Cook was offered the Minnesota job this past Sunday night.

“Everything that Minnesota is, who’s there, the history of the coaches who have been there, just called out to me,” Cook said. “And they’re in a position of a space that I’ve been before. I’ve been through a transition like this and I felt qualified to make that move.”

Cook, who is from Pleasanton, California, graduated from St. Mary’s and coached club for NorCal. His college career started at his alma mater, first as a volunteer, then as a full-time assistant.

He was hired by Jim McLaughlin at Washington and when McLaughlin left for Notre Dame two years later, Cook was promoted. He won four Pac-12 titles and made the NCAA Tournament round of eight four times.

In Seattle, it rains and can be chilly, but it’s nothing like an upper Midwest winter.

“They had some jackets waiting for me,” Cook said with a laugh, “which I needed once I got here.”

Cook and his wife, Sarah, and Oliver, a week shy of his first birthday, got to meet the Minnesota team Monday.

Leaving his old one was tough, as Cook told Washington for its official news release: “This is, without a doubt, the most difficult day of my professional career. The University of Washington has changed the course of my life and my family’s lives forever. In this moment, the most important sentiment I can extend on behalf of me and my family is gratitude although there is not enough time and space to express that gratitude to the members of this community.”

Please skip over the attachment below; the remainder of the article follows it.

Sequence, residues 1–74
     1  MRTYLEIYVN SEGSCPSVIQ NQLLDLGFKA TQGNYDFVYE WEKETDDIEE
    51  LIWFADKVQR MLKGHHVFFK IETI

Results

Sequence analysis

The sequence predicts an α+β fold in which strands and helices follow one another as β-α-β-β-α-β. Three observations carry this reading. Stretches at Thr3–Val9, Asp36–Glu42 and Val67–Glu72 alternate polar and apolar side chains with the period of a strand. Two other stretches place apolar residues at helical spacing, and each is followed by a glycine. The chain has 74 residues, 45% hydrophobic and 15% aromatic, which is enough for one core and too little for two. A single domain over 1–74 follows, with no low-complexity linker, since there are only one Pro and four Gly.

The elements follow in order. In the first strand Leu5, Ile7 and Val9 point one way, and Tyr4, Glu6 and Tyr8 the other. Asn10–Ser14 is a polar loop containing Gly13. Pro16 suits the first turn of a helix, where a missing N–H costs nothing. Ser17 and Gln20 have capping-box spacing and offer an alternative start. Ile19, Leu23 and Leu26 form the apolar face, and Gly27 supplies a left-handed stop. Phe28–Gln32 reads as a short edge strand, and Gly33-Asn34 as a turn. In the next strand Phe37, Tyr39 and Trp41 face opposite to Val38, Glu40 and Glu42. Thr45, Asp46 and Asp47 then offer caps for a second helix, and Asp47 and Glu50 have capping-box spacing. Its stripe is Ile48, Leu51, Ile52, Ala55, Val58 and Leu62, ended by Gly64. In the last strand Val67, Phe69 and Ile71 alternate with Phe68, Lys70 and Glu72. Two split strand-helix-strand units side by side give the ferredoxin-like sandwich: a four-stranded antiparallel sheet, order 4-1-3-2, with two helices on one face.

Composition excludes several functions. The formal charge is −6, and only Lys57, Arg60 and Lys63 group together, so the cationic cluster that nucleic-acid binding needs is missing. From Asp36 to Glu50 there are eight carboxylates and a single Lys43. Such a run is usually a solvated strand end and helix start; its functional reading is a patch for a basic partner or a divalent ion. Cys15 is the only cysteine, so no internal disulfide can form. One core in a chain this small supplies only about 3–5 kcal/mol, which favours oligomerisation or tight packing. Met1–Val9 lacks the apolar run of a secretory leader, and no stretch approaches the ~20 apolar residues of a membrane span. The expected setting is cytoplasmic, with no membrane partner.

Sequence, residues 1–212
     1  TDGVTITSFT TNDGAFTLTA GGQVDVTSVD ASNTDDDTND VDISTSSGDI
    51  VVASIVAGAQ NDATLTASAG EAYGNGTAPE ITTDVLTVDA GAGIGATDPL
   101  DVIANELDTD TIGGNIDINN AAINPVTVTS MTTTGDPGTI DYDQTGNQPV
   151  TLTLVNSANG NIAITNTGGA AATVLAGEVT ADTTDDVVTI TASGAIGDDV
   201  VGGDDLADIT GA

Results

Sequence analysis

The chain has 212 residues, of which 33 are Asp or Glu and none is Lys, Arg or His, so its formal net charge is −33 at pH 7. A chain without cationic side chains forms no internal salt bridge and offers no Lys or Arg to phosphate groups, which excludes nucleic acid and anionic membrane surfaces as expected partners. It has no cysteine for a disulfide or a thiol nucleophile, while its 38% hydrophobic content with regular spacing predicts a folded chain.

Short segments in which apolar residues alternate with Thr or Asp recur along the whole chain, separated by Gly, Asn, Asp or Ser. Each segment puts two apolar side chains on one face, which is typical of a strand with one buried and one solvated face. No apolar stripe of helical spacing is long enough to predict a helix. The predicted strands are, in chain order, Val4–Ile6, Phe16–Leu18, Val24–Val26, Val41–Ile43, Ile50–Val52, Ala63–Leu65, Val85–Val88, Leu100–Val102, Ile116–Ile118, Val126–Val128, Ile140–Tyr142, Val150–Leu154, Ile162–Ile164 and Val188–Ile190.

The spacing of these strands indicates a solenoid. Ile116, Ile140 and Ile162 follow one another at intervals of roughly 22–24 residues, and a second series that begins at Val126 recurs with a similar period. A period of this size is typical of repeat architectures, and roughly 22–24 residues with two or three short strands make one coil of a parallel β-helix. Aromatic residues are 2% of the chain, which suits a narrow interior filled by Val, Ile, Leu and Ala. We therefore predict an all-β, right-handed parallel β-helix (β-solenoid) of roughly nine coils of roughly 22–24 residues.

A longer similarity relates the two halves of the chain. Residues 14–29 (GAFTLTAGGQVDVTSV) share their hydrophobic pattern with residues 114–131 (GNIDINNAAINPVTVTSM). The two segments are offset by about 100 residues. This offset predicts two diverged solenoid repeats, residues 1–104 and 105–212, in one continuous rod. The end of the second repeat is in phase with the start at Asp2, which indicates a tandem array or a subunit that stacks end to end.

But as is the case in sports, new coaches embrace their new team and vice-versa.

“I had about an hour with them and I think what struck me is that when you’re watching them on film, you’re seeing them in a certain light, and then when you’re in a room with them you have the lightness and the fun and the enthusiasm comes across a lot different.

“These are some quality young people and they’ve got room to grow and that really excites me, that I’m going to have a chance to affect them for a number of years.”

And then there’s the part where he moves into the Big Ten, the benchmark of women’s college volleyball (and, yes, there are no Big Ten teams in the NCAA semifinals, but the B1G is the standard by which all over conferences are measured).

“I’d be remiss if I didn’t mention how much support the Big Ten has given women’s volleyball in the last five to 10 years,” Cook said. “Last spring (with the AVCA) we were presenting a lot of ideas to Big Ten coaches and before I knew it a lot of them were in place. And I realized that the conference was really pushing to move the sport forward.

“And the people who have been joining that conference, like Jen Flynn Oldenburg (at Ohio State), Leah Johnson (at Michigan State) and Chris Tamas (at Illinois), I was really impressed with the caliber of people joining the Big Ten.

“And who doesn’t want to compete with other great coaches?”

Cook said his staff was a work in progress. He said he texted with McCutcheon and “I’m looking forward to a longer conversation. That’s another piece that I think is a big deal. Who would not want to spend time with Hugh and have that person in house? At Washington, we had Chris Peterson, who was a great mentor for me the last couple of years.

“Hugh’s going to be there working with coaches and I’m not a finished product yet,” Cook said with a smile, “and I’m still looking forward to learning and growing.”

Cook hit the ground running here. While Sarah and Oliver headed home to Seattle from Minneapolis, Cook went to that aforementioned AVCA meeting. There’s plenty on that agenda, too.

“One thing I would say is we saw the fruits of our effort here with the television coverage in the tournament and the bracket format,” Cook said. “That was a lot of hard work last spring. I want to give a lot of credit to the committee and to ESPN for continuing to move things forward.

“And that conversation continues. Are there other bracket and format changes we can make? Like a staggered format to increase viewership, for example.”